Half-sisters Ruth and Anna have never been apart – growing up together on Master John’s plantation in Jamaica. But Anna’s lighter skin affords her privileges that are only grudging given to Ruth. Ruth knows that if she steps out of line in the tiniest way, she could put not only her mother and sister in danger but be sold on as a slave by the brutish plantation overseer, Walter. Anna is the more timid of the two, whereas Ruth is more fearless, but protective of her younger sister. Ruth has a great sense of the unjustness of life on the plantation so when she finds a slave girl about to be flogged, she tries to prevent it by throwing herself in front of the girl. Walter is enraged and Master John is forced to intervene. He decides to ship the girls to England on the very next boat for their own safety.
But England does not turn out to be the sanctuary it promised. Not only is it the climate cold and grey but the girls are left in the charge of Edith, Master John’s sister who, along with her spoilt daughter Elizabeth, does not approve of the girls at all; especially not Ruth. Although she promises not to separate the sisters, the minute Master John’s back is turned, Ruth is banished to the servant’s quarters, put to work, and exhibited as a specimen to the guests at their house parties.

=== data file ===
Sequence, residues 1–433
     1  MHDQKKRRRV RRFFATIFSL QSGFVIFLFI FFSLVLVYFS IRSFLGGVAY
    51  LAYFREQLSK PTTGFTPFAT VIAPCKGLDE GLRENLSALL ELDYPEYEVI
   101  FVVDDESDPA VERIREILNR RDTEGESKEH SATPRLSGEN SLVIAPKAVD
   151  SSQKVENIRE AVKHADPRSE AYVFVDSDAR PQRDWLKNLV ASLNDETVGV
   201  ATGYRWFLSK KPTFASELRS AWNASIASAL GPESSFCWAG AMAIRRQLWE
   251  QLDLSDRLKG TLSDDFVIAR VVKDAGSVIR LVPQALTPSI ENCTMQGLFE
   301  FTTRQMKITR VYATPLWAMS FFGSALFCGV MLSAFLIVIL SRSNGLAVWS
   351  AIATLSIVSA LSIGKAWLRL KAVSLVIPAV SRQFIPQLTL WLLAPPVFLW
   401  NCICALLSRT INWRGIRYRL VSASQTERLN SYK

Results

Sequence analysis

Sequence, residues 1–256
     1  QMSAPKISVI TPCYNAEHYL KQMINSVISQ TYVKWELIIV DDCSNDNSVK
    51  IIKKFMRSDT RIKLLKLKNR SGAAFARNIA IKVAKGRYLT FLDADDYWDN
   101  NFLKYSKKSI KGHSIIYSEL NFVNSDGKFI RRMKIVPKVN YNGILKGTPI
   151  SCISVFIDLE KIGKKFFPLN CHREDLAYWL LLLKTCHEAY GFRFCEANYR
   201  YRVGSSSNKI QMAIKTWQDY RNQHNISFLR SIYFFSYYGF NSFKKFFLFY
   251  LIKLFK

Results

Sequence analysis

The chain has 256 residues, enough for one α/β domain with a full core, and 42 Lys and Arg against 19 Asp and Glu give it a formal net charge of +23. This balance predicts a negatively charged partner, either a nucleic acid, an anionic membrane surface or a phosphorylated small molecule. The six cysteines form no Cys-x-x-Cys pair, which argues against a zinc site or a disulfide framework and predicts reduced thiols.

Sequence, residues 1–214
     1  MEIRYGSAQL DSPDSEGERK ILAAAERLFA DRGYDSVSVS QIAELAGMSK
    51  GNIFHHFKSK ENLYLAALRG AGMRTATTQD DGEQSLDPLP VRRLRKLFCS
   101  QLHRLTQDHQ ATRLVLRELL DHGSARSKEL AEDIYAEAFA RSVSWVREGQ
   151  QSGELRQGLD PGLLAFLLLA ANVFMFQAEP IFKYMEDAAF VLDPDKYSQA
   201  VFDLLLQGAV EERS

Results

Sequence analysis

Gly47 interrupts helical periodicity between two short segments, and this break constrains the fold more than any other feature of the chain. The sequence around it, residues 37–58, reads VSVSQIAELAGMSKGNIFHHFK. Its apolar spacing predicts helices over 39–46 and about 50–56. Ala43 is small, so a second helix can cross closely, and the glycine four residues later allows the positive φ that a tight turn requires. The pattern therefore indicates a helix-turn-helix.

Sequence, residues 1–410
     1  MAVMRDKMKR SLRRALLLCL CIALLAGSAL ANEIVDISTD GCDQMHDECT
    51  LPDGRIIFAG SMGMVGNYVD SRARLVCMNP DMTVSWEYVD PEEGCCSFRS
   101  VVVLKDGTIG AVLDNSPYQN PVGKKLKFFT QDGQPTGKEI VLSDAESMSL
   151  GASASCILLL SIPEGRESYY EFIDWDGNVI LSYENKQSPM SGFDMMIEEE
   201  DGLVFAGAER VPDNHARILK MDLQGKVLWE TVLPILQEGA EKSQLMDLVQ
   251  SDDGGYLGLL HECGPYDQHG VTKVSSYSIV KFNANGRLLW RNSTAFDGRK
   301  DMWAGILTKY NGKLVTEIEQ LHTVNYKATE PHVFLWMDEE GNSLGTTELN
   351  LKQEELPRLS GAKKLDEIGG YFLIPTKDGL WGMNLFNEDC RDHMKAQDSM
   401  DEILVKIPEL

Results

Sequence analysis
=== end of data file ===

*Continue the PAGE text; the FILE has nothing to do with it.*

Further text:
Ruth’s only respite is when she meets Francis Barber who along with Samuel Johnson is visiting Master John when he is next home. Francis later takes the girls to a local tavern where they find fellow Jamaicans and an abundance of music and laughter. But once again when John has left Ruth is kidnapped and told she will be shipped back to the plantation to face Walter’s wrath. A frantic race to find Ruth ensues and it is up to Anna to find her inner courage to rescue her sister.
Based partially on real accounts this is a direct and unflinching portrayal of two sisters fighting for recognition and their freedom in a prejudiced society. Told in alternating voices the sister’s relationship is sensitively and vividly described. This thought-provoking story will do much to widen children’s understanding of the injustices faced by minorities growing up in Georgian England. A welcome addition to the excellent Voices series.